Hi,

Any updates on reviewing this? It's been a full month since the previous communication, and keeping this up-to-date is starting to look less and less attractive. =(

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foosel Feb 15, 2017

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Sorry, I know... I was out sick the past two weeks, am still catching up on everything that happened since then and before that had just finally finished working through most of my backlog from my overdue vacation when I got knocked down.

I understand that that is frustrating, trust me, it is for me as well. I have this high on my to-do list, I just keep getting thrown back from actually tackling it by bugs and other such things.

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foosel commented Feb 15, 2017

Sorry, I know... I was out sick the past two weeks, am still catching up on everything that happened since then and before that had just finally finished working through most of my backlog from my overdue vacation when I got knocked down.

I understand that that is frustrating, trust me, it is for me as well. I have this high on my to-do list, I just keep getting thrown back from actually tackling it by bugs and other such things.

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kevans91 Feb 15, 2017

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Alrighty, good to hear. =) It's not just OctoPrint, to be honest, I've tried contributing to a couple of different open source projects now and my patches aren't even making it to a review process. They get to a "Hey, yeah, we'll review that at some point" and then it just...doesn't happen, or takes a reallllly long time. =( A little more overall frustration than specifically here.

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kevans91 commented Feb 15, 2017

Alrighty, good to hear. =) It's not just OctoPrint, to be honest, I've tried contributing to a couple of different open source projects now and my patches aren't even making it to a review process. They get to a "Hey, yeah, we'll review that at some point" and then it just...doesn't happen, or takes a reallllly long time. =( A little more overall frustration than specifically here.

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foosel Feb 15, 2017

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I really understand, I've been in the same position. I really want to get this merged as fast as possible now that 1.3.0 is finally out and the road on devel clear for 1.4.0. In fact just today we briefly talked about the need for dependency updates on IRC.

I still have a bunch of bugs to investigate and fix from the past two weeks, but after that I'll do my best to finally give this a thorough review and test. I'm expecting there to be issues still (I'm especially still worried about the tornado stuff and flask also had some changes that might cause issues for plugins due to eg the changed extension namespace conventions), but this update is long overdue, so that will be something I'll just have to soldier through ;)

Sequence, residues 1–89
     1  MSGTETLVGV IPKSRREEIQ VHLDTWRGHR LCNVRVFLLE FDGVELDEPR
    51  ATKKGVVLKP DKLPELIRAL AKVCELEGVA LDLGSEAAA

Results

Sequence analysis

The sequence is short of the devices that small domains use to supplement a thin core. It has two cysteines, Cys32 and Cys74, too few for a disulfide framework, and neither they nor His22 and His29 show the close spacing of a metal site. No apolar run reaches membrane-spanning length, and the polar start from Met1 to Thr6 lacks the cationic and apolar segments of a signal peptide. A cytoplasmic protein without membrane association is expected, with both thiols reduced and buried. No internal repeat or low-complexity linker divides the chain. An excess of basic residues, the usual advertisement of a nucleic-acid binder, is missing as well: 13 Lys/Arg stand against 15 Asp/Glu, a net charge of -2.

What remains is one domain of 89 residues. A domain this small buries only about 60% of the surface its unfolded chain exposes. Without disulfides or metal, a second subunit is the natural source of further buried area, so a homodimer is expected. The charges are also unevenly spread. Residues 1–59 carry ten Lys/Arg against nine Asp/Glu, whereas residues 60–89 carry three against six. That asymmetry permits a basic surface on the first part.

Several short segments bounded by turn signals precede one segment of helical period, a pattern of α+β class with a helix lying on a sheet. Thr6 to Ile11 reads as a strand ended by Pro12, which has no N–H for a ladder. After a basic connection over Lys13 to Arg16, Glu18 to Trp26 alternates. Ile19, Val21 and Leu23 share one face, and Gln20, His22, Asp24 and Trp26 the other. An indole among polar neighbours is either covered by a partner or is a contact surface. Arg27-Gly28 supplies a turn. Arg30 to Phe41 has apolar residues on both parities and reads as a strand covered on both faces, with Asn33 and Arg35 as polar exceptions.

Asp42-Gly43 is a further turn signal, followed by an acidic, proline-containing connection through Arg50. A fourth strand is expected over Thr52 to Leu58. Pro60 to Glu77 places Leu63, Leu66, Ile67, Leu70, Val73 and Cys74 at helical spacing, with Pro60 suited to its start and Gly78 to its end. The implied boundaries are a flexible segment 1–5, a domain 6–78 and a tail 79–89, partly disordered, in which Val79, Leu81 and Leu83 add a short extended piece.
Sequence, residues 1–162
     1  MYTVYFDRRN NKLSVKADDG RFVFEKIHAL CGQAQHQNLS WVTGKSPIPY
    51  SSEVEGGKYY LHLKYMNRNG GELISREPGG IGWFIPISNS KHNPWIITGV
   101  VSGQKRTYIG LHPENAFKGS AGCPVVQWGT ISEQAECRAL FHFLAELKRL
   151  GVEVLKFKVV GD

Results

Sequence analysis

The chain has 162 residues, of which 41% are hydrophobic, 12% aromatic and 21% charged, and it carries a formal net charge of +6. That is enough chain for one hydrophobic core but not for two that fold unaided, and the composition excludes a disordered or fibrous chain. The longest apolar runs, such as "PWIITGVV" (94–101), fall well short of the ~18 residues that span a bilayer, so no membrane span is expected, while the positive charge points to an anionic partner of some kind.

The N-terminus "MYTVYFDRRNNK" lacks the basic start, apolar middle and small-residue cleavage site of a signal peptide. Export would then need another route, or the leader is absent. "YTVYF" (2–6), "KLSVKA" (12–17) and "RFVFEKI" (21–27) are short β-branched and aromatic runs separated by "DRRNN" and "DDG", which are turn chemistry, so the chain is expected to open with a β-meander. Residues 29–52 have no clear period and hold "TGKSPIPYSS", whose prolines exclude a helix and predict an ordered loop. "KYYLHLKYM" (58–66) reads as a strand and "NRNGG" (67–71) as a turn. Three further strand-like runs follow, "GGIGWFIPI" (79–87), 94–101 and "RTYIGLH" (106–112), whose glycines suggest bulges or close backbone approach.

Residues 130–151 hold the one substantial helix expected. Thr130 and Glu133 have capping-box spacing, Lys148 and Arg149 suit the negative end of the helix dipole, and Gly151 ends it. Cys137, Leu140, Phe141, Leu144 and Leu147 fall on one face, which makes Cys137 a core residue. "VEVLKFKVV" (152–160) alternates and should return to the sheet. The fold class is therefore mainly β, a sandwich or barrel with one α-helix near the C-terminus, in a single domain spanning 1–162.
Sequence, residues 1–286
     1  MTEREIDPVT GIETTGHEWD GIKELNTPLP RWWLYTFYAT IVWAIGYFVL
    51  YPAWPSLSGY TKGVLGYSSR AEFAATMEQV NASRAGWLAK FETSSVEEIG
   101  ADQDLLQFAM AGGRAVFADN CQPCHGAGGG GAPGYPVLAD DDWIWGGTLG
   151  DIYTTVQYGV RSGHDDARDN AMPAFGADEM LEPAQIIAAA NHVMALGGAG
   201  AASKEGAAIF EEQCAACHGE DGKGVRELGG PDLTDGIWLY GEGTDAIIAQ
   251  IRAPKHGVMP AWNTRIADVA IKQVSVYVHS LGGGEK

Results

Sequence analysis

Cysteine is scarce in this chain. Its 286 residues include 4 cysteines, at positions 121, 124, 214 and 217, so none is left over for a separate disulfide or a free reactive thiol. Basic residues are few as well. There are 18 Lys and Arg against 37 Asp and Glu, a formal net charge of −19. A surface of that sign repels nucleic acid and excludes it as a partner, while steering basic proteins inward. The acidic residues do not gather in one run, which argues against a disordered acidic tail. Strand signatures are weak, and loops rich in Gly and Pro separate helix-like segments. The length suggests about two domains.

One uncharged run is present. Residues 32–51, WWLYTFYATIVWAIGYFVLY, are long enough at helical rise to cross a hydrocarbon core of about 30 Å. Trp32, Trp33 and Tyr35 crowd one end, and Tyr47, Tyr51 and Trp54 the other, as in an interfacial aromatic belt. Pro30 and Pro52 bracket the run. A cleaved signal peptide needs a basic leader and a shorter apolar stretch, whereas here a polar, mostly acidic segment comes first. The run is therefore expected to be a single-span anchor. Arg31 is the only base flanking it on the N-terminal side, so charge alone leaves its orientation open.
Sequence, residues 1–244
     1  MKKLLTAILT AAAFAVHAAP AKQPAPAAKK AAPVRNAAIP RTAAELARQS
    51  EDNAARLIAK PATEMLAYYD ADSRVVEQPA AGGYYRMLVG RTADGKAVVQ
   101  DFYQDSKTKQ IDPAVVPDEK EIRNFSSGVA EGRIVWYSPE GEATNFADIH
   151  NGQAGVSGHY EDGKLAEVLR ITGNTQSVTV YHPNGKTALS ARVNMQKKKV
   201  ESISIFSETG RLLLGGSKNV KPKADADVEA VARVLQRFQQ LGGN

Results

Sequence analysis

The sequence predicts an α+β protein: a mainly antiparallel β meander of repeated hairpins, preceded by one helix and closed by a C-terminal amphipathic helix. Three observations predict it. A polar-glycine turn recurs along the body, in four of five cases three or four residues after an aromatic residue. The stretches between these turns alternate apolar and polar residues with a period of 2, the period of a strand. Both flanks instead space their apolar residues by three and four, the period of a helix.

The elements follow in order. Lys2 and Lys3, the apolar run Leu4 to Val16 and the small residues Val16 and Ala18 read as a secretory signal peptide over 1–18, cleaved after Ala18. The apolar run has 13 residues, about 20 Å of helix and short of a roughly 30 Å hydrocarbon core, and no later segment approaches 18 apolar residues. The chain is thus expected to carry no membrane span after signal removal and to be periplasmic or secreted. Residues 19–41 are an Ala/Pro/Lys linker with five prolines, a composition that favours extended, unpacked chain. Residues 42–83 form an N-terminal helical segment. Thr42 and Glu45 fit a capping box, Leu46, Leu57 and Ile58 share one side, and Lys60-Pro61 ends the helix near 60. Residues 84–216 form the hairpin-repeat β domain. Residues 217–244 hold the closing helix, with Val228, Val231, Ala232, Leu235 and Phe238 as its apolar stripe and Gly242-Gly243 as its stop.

One thing btw which we definitely cannot update past 2.8.x for now is Jinja because there was a change in there that causes some specific template constructs to stop working, and while we can fix that in OctoPrint, we can't in plugins, and we need to stay backwards compatible. Just if you are wondering why I pinned that in January all of a sudden.

Edit forgot half a sentence

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foosel commented Feb 15, 2017

I really understand, I've been in the same position. I really want to get this merged as fast as possible now that 1.3.0 is finally out and the road on devel clear for 1.4.0. In fact just today we briefly talked about the need for dependency updates on IRC.

I still have a bunch of bugs to investigate and fix from the past two weeks, but after that I'll do my best to finally give this a thorough review and test. I'm expecting there to be issues still (I'm especially still worried about the tornado stuff and flask also had some changes that might cause issues for plugins due to eg the changed extension namespace conventions), but this update is long overdue, so that will be something I'll just have to soldier through ;)

One thing btw which we definitely cannot update past 2.8.x for now is Jinja because there was a change in there that causes some specific template constructs to stop working, and while we can fix that in OctoPrint, we can't in plugins, and we need to stay backwards compatible. Just if you are wondering why I pinned that in January all of a sudden.

Edit forgot half a sentence

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foosel Feb 21, 2017

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Ok... First of all, I went through your changes and everything looks fine 👍

I was worried about the backwards incompatibilities introduced by the breaking changes in Flask (flask.ext.foo => flask_foo) and Flask-Login (is_anonymous() => is_anonymous). We can't know if plugins out there are not using anything like that. So I've added two compatibility layers that will be removed again in 1.5.0 but which should now at least log a deprecation warning but still keep things working as is, instead of the actual breaking behaviour without them. At least that's the hope.